United States v. Rico Dixon, No. 17-2257 (8th Cir. 2018)Annotate this Case
Court Description: Per Curiam - Before Smith, Chief Judge, and Beam and Colloton, Circuit Judges] Criminal case - Sentencing. The sentence imposed upon revocation of defendant's supervised release was not substantively unreasonable or an abuse of the court's discretion, given deendant's violations and his noncompliance with court orders.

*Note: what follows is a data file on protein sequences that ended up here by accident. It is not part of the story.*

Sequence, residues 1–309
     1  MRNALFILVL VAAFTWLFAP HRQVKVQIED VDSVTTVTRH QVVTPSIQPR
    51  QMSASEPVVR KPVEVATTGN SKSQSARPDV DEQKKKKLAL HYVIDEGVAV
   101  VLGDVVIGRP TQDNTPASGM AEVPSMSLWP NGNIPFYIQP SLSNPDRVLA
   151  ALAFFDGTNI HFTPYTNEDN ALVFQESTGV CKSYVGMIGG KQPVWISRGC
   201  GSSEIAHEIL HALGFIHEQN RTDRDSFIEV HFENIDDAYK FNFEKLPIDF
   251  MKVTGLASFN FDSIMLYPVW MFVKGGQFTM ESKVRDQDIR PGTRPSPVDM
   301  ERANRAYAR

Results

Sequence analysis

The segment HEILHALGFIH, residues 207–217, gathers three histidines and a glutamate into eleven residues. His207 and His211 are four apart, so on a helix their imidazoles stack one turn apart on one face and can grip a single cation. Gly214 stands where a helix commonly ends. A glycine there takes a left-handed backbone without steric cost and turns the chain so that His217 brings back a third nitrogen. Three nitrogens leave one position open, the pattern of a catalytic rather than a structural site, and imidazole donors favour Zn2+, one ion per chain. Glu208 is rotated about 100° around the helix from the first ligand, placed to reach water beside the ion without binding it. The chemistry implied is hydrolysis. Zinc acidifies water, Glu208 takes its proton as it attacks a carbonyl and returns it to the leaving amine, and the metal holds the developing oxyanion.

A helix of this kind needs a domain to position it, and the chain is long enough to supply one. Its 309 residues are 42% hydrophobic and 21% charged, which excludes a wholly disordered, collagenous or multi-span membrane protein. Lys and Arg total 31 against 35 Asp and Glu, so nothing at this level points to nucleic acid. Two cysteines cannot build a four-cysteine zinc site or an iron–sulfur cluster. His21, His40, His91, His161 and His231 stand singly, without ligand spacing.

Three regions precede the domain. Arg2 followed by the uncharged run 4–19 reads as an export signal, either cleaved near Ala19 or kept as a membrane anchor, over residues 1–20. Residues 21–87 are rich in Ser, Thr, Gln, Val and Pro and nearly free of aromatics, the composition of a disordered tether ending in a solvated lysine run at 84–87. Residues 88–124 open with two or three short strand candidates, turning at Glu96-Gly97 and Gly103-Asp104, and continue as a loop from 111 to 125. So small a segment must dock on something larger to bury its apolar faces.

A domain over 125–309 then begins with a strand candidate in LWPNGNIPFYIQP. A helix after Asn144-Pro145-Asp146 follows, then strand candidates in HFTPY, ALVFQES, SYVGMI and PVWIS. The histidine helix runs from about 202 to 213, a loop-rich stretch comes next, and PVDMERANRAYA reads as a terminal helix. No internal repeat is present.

United States Court of Appeals For the Eighth Circuit ___________________________ No. 17-2257 ___________________________ United States of America lllllllllllllllllllllPlaintiff - Appellee v. Rico Dixon lllllllllllllllllllllDefendant - Appellant ____________ Appeal from United States District Court for the Northern District of Iowa - Waterloo ____________ Submitted: May 18, 2018 Filed: August 9, 2018 [Unpublished] ____________ Before SMITH, Chief Judge, BEAM and COLLOTON, Circuit Judges. ____________ PER CURIAM. Rico Dixon pled guilty to multiple violations of his supervised release and the district court1 sentenced him to a term of imprisonment of eighteen months. Dixon 1 The Honorable Linda R. Reade, United States District Judge for the Northern District of Iowa. appeals, claiming that the imposed sentence is substantively unreasonable. We affirm. On June 20, 2016, Dixon began serving the term of supervised release at issue. Within three months Dixon violated the terms of his release by failing to participate in substance abuse testing, using cannabinoids, a controlled substance, and failing to truthfully answer inquiries by his probation officer. On October 7, 2016, the district court modified Dixon's terms of supervision to include completion of twenty hours of community service work within sixty days, which Dixon never completed. On November 1, 2016, Dixon submitted his monthly report, which demonstrated that he violated a standard condition of his supervised release when he quit his job and failed to inform his probation officer. Then, on November 15, 2016, Dixon's probation officer received notification that Dixon tested "presumptive positive" for cannabinoids on November 9. Dixon did not return messages or calls from his probation officer regarding this report, resulting in an additional violation of "failure to follow USPO instructions." At that same time, the probation officer received an additional report that Dixon was a "no call, no show" at his scheduled substance abuse treatment session, also a violation of a special condition of Dixon's supervised release. Based on these alleged violations, the district court issued a warrant for Dixon's arrest on November 17, 2016. Dixon's whereabouts were unknown until March 22, 2017, when Dixon was arrested in Chicago, Illinois, for a minor traffic violation. Dixon's travel to Chicago likewise violated a standard condition of his release. On March 31, 2017, Dixon yet again tested "presumptive positive" for cannabinoids and he admitted that he last used marijuana on or around the date of his March 22 arrest. Dixon was detained pending his revocation hearing, which hearing was postponed three times over two months because Dixon continued to test positive for marijuana while in custody. Dixon admitted to all of the violations alleged, which were grade "C" violations. The -2- suggested Guidelines range of imprisonment for these violations was three to nine months and the statutory maximum term of imprisonment was three years. Dixon urged the court to adopt the Guidelines suggested range, and the government advocated for a revocation term of eighteen months followed by three years of supervised release, which the court granted. This court reviews the substantive reasonableness of a sentence using a deferential abuse-of-discretion standard. United States v. Waters, 883 F.3d 1022, 1028 (8th Cir. 2018). "Abuse of discretion occurs if the district court 'fails to consider a relevant factor that should have received significant weight, gives significant weight to an improper or irrelevant factor, or considers only the appropriate factors but commits a clear error [of] judgment in weighing those factors.'" United States v. Reid, 887 F.3d 434, 438 (8th Cir. 2018) (quoting United States v. Cook, 698 F.3d 667, 670 (8th Cir. 2012)). "If a district court varies beyond the Guidelines range, we consider the extent of the variance but 'give due deference to the district court's decision that the [18 U.S.C.] § 3553(a) factors, on a whole, justify the extent of the variance.'" Waters, 883 F.3d at 1028 (quoting Ferguson v. United States, 623 F.3d 627, 631 (8th Cir. 2010)). Dixon argues his revocation sentence is unreasonable given that at the time of his original sentencing he only had a criminal history category I, he successfully completed a 500-hour-drug-abuse program while in prison, his life is largely otherwise free of criminal violations, he was honest with the court, and the transgressions he committed during his supervised release were merely grade "C" violations. Too, he argues the district court erroneously posited that it had given Dixon a "break" on previous occasions during his original sentencing and again when the court reduced Dixon's sentence based on a law change in sentencing calculations. -3- Upon review of the sentencing colloquy, we find no abuse of discretion by the district court. The district court's sentence reflects its consideration of the many repeated and serious violations committed by Dixon while on court supervision, including that he absconded for nearly four months. The court considered the 18 U.S.C. § 3553(a) factors, was knowledgeable of Dixon's history and characteristics as it had presided over his initial sentencing, and gave a lengthy recitation about Dixon's repeated violations in this case. United States v. Franklin, 397 F.3d 604, 607 (8th Cir. 2005) ("It also is worth noting that the judge who presided over [the defendant's] sentencing after revocation of supervised release was the same judge who imposed [the defendant's] initial sentence; therefore, at the revocation hearing, the district court was aware of [the defendant's] history and characteristics."). The district court noted that it had already attempted to give Dixon community service hours for prior violations, which Dixon wholly failed to complete and further persisted in disregarding the law. The district court fully recognized that the imposed sentence was above the policy statement of the Sentencing Commission but deemed it necessary given Dixon's violations and the aggravating circumstances including that he absconded and did not surrender, and tested positive for marijuana for an inordinately long period of time even after he was arrested. Given Dixon's violations and his noncompliance with court orders, the district court did not abuse its discretion in imposing an eighteen month sentence. See United States v. Holt, 890 F.3d 721, 724 (8th Cir. 2018) (upholding the imposition of a twenty-four month sentence although the Guidelines suggested five to eleven months). The judgment is affirmed. ______________________________ -4-